What follows is a transcript of our conversation:
FP: What did you make of last Saturday's record-breaking protest?
We were all worried because the 10th was an unprecedented event. It was an unprecedented, new reality so what we were all worried that it was just a one-off. In the last two days before the protest, though, everyone infected me with their optimism and confidence, and on Saturday it became clear that it's not an accidental protest, that these people are upset and that they will continue to protest and demand what they want, and will get what they want. It became clear that they would come out a second time, a third time, and a fourth time.
You missed the last protest, on the 10th, because you were in jail. What did you hear about it?
They brought us a radio to our cell, and we heard that there was a group on Facebook [for this protest] and that 20,000 or 30,000 indicated they were coming. I have a popular blog and I know that you can get a ton of "likes," but are they convertible into real attendance? That is the big question. So we were discussing whether there will be more people than at the rally on Dec. 5 when there were 6,000 people. But, honestly, I was very skeptical about the idea of 50,000. I guess I just underestimated it.
When you heard that 50,000 to 60,000 people came out, what was your reaction?
There were 18 of us in the jail cell, and out of those 18, 16 were political prisoners. And we were of course really happy to hear this. We felt our own involvement in this, and we knew that, to some extent, we were one of the reasons that people had come out. It was really cool. One guy in our cell, a soccer fan who had also been arrested, he said something I really liked: "It's like a really great birthday party. You weren't invited to it, but it's still really nice to see." That's how we felt.
No one expected these numbers, but, in a way, you seem to have underestimated the size of your electorate.
What is my electorate? People who don't like corruption? Everyone is my electorate because 95 percent of people strongly dislike corruption. But the question was, do they dislike it enough to come out with me and protest? These people aren't serfs. I can't take bring them out onto the square, or not bring them out. I can't say, "Go here, do that." I wasn't the one who brought these people out to protest. The events of the last month are what brought them out. They are the crest of the wave, but the wave didn't rise up because of them.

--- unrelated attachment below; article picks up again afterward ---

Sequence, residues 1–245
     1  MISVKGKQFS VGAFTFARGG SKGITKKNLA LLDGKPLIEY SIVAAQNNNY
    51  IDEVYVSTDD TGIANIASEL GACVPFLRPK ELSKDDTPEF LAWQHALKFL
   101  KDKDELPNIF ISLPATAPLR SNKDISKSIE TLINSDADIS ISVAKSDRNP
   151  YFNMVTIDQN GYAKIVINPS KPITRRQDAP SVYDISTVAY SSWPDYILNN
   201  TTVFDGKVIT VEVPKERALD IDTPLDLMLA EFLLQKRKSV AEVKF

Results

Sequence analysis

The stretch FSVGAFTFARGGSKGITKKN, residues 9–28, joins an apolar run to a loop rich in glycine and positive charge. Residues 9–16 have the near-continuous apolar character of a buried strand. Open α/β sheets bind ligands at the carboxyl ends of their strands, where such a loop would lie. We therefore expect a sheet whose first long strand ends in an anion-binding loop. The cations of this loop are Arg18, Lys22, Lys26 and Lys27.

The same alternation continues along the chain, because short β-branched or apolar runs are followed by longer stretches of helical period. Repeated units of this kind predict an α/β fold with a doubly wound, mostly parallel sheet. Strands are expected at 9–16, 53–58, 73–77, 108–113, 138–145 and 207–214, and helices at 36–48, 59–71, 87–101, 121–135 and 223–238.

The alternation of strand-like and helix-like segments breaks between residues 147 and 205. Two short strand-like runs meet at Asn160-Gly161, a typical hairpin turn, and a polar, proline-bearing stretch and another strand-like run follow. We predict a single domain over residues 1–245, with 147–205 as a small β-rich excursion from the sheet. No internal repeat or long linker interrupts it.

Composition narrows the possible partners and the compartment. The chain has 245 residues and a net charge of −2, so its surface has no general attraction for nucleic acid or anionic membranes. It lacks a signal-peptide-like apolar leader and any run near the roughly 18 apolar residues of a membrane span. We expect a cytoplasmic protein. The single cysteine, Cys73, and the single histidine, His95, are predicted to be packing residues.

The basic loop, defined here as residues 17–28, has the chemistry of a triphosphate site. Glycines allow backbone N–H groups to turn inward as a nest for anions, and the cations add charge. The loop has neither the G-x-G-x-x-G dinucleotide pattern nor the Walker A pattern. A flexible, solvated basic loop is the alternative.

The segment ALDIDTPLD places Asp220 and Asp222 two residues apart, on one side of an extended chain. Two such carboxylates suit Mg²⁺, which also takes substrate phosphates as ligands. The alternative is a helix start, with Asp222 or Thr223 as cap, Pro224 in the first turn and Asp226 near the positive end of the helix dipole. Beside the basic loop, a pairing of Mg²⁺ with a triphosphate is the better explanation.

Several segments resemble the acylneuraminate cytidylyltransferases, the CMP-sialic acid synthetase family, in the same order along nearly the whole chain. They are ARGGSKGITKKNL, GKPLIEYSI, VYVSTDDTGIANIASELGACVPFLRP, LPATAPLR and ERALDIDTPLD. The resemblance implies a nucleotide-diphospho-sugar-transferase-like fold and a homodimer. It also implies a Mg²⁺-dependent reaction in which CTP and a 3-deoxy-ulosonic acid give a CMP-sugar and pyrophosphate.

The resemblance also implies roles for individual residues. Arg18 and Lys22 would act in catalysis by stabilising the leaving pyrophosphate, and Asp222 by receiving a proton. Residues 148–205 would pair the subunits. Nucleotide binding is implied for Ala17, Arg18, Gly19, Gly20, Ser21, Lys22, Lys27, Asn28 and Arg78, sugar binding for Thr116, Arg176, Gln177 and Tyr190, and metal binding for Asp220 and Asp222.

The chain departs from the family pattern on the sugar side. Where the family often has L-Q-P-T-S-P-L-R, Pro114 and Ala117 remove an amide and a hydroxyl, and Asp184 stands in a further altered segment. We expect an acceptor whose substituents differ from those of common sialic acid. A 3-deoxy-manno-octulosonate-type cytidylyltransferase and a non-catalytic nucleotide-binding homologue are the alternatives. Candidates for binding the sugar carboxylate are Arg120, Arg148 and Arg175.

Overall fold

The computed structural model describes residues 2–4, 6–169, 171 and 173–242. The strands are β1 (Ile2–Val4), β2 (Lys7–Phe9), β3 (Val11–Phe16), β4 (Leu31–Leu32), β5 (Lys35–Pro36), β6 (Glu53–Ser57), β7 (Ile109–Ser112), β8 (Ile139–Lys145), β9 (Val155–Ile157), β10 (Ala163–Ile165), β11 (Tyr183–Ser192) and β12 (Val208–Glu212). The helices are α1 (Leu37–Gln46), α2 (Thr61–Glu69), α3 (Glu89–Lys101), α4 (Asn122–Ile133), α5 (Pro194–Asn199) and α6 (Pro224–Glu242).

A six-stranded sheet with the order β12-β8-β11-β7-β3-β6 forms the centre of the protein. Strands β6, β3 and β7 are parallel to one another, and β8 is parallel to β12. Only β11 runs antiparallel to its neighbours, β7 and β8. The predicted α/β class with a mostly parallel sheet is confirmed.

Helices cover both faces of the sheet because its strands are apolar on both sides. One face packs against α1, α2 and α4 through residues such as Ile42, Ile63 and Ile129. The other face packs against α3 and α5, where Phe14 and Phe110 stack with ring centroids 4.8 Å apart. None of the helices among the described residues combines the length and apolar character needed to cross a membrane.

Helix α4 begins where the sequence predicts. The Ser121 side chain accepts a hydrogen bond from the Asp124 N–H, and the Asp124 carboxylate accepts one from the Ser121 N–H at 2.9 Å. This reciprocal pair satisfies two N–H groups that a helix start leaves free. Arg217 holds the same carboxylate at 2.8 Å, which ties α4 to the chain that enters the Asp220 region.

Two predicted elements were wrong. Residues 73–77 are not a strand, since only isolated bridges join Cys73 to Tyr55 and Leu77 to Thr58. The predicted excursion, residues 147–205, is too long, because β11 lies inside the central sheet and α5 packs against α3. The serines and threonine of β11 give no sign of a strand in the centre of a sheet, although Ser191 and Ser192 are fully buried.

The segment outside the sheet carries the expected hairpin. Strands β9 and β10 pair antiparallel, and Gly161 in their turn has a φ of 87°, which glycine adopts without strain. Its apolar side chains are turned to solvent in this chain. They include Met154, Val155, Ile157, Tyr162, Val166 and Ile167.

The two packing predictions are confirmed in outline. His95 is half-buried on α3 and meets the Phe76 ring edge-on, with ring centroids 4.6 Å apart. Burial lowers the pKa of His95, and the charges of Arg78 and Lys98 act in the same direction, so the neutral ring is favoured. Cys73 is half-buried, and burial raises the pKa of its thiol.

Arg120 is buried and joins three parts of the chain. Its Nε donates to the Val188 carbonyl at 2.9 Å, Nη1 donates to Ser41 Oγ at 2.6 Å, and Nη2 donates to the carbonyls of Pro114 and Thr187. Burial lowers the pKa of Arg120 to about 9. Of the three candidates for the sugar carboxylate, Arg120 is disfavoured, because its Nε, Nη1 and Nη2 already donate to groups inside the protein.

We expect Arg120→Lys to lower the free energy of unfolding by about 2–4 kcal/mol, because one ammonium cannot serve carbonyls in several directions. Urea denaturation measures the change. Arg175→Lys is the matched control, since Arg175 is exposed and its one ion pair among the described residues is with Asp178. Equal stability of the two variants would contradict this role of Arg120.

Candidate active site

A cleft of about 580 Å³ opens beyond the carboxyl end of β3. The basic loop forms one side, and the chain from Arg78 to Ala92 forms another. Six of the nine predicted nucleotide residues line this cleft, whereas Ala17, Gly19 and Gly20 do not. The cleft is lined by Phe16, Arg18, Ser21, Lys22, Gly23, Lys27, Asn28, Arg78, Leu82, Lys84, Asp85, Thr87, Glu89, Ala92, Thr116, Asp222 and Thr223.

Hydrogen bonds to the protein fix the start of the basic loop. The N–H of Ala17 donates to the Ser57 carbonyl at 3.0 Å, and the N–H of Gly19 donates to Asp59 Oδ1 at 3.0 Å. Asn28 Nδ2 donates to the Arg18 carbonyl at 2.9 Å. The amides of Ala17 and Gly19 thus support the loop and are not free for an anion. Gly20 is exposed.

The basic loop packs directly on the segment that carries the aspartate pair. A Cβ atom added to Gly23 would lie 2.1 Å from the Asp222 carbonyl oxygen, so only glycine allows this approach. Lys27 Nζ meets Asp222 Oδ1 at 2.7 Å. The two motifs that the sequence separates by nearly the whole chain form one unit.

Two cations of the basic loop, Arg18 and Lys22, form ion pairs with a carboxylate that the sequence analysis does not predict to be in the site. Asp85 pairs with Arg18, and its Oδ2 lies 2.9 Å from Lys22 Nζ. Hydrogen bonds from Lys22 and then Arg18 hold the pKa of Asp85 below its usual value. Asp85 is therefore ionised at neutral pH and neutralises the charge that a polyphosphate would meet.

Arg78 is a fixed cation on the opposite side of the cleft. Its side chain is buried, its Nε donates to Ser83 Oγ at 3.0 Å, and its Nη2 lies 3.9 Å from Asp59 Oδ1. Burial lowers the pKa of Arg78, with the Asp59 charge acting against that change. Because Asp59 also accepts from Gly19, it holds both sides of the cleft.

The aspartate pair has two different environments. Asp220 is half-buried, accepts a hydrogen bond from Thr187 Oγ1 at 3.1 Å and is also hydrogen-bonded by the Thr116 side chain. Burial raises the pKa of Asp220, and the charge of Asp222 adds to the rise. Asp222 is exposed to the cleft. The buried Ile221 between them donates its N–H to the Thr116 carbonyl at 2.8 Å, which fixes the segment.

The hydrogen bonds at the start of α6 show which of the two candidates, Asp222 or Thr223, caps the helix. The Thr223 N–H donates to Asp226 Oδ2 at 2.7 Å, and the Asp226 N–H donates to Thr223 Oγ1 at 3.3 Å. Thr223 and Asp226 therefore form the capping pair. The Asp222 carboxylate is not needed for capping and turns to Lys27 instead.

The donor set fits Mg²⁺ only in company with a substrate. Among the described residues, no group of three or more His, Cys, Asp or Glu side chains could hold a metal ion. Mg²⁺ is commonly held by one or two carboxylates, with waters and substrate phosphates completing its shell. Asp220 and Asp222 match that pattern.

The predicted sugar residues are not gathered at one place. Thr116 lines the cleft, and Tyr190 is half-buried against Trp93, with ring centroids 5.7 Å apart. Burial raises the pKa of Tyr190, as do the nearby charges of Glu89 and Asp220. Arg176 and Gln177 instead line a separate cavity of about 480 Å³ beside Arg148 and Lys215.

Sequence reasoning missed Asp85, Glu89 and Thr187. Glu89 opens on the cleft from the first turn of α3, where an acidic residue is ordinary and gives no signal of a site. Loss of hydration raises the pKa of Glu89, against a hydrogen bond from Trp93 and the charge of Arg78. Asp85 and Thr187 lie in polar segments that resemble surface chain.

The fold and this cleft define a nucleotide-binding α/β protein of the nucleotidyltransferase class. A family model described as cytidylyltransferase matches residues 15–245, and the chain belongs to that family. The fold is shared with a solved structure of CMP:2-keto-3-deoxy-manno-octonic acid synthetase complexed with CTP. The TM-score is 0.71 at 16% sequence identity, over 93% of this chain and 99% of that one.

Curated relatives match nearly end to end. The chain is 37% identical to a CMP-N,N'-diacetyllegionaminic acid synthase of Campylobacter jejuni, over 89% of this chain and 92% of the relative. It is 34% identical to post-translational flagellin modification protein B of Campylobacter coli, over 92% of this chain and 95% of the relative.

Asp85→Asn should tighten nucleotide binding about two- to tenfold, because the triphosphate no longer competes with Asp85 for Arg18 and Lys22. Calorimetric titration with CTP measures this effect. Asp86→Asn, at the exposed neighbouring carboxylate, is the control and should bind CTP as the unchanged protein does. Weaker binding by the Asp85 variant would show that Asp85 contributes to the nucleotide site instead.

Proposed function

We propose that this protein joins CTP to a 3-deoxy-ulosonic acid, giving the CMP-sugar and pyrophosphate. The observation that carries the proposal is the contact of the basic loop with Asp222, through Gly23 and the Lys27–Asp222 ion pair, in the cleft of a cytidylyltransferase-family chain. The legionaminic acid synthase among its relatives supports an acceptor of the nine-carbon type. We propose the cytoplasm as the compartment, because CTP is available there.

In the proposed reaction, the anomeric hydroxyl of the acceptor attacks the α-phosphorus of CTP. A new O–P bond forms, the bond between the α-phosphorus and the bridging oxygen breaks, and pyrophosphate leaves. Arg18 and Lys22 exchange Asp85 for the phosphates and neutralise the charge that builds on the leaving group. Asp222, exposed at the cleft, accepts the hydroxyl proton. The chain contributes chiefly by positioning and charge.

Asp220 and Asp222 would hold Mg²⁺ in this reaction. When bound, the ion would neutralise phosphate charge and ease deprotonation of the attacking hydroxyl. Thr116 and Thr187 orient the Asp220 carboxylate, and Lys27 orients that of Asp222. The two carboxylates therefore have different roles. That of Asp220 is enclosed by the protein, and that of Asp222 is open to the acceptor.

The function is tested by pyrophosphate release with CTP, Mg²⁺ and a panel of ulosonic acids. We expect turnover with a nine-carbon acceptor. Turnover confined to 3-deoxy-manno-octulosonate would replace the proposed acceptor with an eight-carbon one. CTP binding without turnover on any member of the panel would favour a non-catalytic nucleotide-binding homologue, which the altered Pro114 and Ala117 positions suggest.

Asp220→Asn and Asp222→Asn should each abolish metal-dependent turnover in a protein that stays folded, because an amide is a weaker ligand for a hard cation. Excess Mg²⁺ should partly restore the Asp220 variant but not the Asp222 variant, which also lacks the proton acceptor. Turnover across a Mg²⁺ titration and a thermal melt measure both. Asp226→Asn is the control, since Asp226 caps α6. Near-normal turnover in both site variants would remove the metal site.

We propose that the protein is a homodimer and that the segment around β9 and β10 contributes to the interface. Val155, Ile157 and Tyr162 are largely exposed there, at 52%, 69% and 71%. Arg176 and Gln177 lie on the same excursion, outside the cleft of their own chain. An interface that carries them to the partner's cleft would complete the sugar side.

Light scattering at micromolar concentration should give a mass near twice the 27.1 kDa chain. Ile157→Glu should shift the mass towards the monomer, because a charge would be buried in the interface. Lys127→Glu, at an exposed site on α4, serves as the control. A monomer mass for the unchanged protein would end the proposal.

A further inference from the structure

Putin created the wave. Injustice, deceit, fraud, falsification created the wave. Of the approximately 75 people who got jail terms after being arrested on the 5th, almost all of them were volunteer election monitors. There were not very many political activists like me. Most of them were there completely by chance. One guy was a programmer, one was a film director, a soccer fan, a random teenager -- people who had never in any way participated in politics or activism. But they come out on the 5th and marched because they were furious, because they had been kicked out of polling stations, because they saw the election protocols that gave United Russia 100 votes, but then saw that the official results were 500.
Putin's main mistake was to pull this nonsense in Moscow. United Russia got 46 percent here, even though it got 32 percent in the Moscow region [which is rural and votes more readily for the ruling party]. In Yekaterinburg, United Russia got 25 percent. Of course, everyone expected that, in Moscow, they wouldn't get more than 28 percent and then -- bam! -- 46 percent, and areas in the center populated by the intelligentsia were delivering 90 percent for United Russia.
When I asked people at the protests on the 10th and the 24th if there was a politician who reflected their views, most said "Navalny, but … " because they were disturbed by your participation in this year's nationalist Russian March, in November. Some saw this as a cynical attempt to widen your base. Have the December protests convinced you that your natural, white-collar base is big enough?
I didn't go to the Russian March to find another base. I do what I do because I think it's right. I am very grateful to the people who support me, but I'm not going to rule by poll results or focus groups. I have a set of views on what I need to say and do, and I will continue to say and do them regardless of whether my support is rising or falling. I'm not flirting with anyone, not liberals, not nationalists. I think my line on most things is sufficiently clear.